But some of the outrage needs to be directed inward as we, the consumers, continue to aid and abet cybercriminals through personal data paraded on social media and handily offered to mobile apps, just to name two popular practices.

So what about a child born in 2014, who enters this world without much to trace? What information do we need to conduct ID theft or potentially ruin their reputations before they’ve even said their first word?

Not much.

So, is our baby safe in his/her home? Not really. More and more, parents are turning to technology to help manage their baby’s care. And most consumer-grade equipment was never designed with security in mind.

Just ask Heather and Adam Schreck of Cincinnati, Ohio, U.S.A., who were woken at midnight to a man shouting, “Wake up, baby! Wake up!” in their 10-monthold daughter’s room.

Adam ran to the bedroom and found the shouts coming from a Foscam IP Camera aimed at the crib. The camera turned to face the startled father. “Then it screamed at me,” Adam told a local television reporter. “Some bad things, some obscenities. So I unplugged the camera.”

Most baby cams, baby monitoring systems, and other consumer devices come with either no passwords, default passwords that are never changed, or vendor-coded back doors that can never be secured.

And not every hacker makes his secret presence obvious by screaming at the occupants.

School shootings worldwide have led more communities to implement student monitoring systems at public and private campuses to record who comes and goes from buildings or who approaches students on school grounds. Rarely, if ever, do parents balk at the increased safety measures.

But it’s a different story when it comes to technologies like InBloom, a database initiative largely funded by the Bill & Melinda Gates Foundation and built by Rupert Murdoch’s News Corp. The technology, which as of last year was adopted in nine states, creates a centralized database where student records, from attendance to disciplinary to special needs, are stored. New York City parents, including the current mayor, expressed outrage upon learning that the data could be sold to private companies.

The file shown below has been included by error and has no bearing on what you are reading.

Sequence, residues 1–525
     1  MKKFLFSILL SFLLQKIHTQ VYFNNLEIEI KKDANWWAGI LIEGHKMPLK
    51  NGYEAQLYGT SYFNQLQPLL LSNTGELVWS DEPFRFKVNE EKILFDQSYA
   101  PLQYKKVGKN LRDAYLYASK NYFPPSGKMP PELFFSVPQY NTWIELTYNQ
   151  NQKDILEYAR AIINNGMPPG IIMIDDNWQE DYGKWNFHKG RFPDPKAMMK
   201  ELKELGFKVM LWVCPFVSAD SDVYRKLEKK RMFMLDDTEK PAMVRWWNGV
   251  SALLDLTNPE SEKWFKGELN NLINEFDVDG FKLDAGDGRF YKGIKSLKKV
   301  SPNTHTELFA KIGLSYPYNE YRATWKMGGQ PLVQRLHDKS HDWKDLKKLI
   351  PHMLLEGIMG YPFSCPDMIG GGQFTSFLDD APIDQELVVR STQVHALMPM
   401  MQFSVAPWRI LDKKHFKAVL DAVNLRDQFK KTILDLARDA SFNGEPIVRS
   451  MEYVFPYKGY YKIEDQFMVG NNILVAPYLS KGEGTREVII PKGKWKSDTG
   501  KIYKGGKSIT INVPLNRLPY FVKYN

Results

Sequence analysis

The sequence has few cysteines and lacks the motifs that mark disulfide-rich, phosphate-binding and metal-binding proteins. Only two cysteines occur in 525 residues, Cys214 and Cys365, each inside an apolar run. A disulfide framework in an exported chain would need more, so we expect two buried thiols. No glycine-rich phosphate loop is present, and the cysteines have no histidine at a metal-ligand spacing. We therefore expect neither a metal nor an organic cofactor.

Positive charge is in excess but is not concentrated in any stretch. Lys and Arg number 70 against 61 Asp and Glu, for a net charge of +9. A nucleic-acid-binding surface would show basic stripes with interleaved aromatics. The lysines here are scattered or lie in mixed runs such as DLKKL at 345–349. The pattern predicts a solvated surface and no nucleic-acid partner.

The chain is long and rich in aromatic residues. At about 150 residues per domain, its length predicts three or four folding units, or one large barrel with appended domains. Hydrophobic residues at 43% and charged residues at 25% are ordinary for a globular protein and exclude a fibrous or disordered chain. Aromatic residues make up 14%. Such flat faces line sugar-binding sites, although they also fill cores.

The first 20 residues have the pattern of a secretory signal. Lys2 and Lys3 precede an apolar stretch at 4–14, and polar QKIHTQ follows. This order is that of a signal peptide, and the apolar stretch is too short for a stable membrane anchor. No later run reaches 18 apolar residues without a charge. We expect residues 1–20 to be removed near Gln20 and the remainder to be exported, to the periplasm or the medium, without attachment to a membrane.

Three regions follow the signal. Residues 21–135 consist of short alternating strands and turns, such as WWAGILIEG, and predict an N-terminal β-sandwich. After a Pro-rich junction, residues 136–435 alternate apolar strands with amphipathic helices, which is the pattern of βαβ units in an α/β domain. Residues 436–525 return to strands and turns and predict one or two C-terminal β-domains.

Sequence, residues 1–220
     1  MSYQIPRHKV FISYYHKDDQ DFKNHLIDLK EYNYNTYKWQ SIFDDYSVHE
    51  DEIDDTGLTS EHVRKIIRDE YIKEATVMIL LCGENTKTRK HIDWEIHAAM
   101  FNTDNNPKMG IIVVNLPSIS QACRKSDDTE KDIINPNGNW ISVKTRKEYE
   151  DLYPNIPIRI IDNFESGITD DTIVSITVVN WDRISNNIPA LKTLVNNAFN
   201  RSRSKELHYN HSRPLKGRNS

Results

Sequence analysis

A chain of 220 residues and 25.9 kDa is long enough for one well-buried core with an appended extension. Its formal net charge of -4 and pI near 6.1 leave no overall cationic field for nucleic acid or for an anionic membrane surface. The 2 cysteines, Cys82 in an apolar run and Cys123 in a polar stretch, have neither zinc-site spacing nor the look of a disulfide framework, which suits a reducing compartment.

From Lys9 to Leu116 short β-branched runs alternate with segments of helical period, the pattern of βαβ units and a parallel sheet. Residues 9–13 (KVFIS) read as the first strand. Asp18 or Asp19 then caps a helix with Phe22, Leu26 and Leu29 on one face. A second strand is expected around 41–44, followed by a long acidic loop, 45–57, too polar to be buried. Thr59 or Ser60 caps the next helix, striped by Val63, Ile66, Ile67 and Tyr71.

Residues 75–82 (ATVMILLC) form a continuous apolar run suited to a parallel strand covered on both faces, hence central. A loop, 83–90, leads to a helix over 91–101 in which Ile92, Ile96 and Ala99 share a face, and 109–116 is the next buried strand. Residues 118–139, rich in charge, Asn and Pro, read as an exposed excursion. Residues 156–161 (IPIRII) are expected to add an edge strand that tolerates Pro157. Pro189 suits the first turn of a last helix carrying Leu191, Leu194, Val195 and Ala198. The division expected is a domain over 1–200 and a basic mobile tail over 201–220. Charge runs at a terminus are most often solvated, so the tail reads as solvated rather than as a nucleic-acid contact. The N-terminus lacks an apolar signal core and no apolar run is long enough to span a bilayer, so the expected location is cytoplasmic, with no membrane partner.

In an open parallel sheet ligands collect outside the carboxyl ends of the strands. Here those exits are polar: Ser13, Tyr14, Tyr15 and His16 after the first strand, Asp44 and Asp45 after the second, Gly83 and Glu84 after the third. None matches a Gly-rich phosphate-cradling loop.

Civil rights groups took immediate legal action to try and prevent the practice of disseminating student data—a practice that also had been taking place in Colorado, Delaware, Georgia, Illinois, Kentucky, North Carolina, Massachusetts, and Louisiana by the time the New York uproar began.

So far, we’ve seen how we’ve put our children at risk just by being social, friendly, and even caring. But the child of 2014 will inherit governments that have the ability and perhaps the desire to conduct ubiquitous surveillance that could increasingly endanger privacy rights.

It’s not just the NSA-funded programs that capture emails, chats, videos, photos, file transfers, login activity, social media profiles from a variety of entities including Microsoft, Facebook, Skype, Google, PalTalk, AOL, Yahoo, YouTube, Apple, AT&T, Verizon, Sprint, etc.

There are provisions in the United States Electronic Communications Privacy Act of 1985 that allow law enforcement to acquire email older than 180 days as well as certain online data with minimal judicial effort. These efforts were augmented by the post-9/11 U.S. Patriot Act. Civil and privacy rights advocates are continually challenging this latitude on the part of the government, but the children born in 2014 will have to learn to protect themselves.

And it’s not just the U.S. federal government; law enforcement agencies in cities and towns across the country are beginning to invest in “StingRay”—a


technology that can mimic a cell phone tower, thereby intercepting mobile phone numbers. Warrants are not required because the device is collecting numbers, not actual conversations. And police departments are keeping mum about having the technology.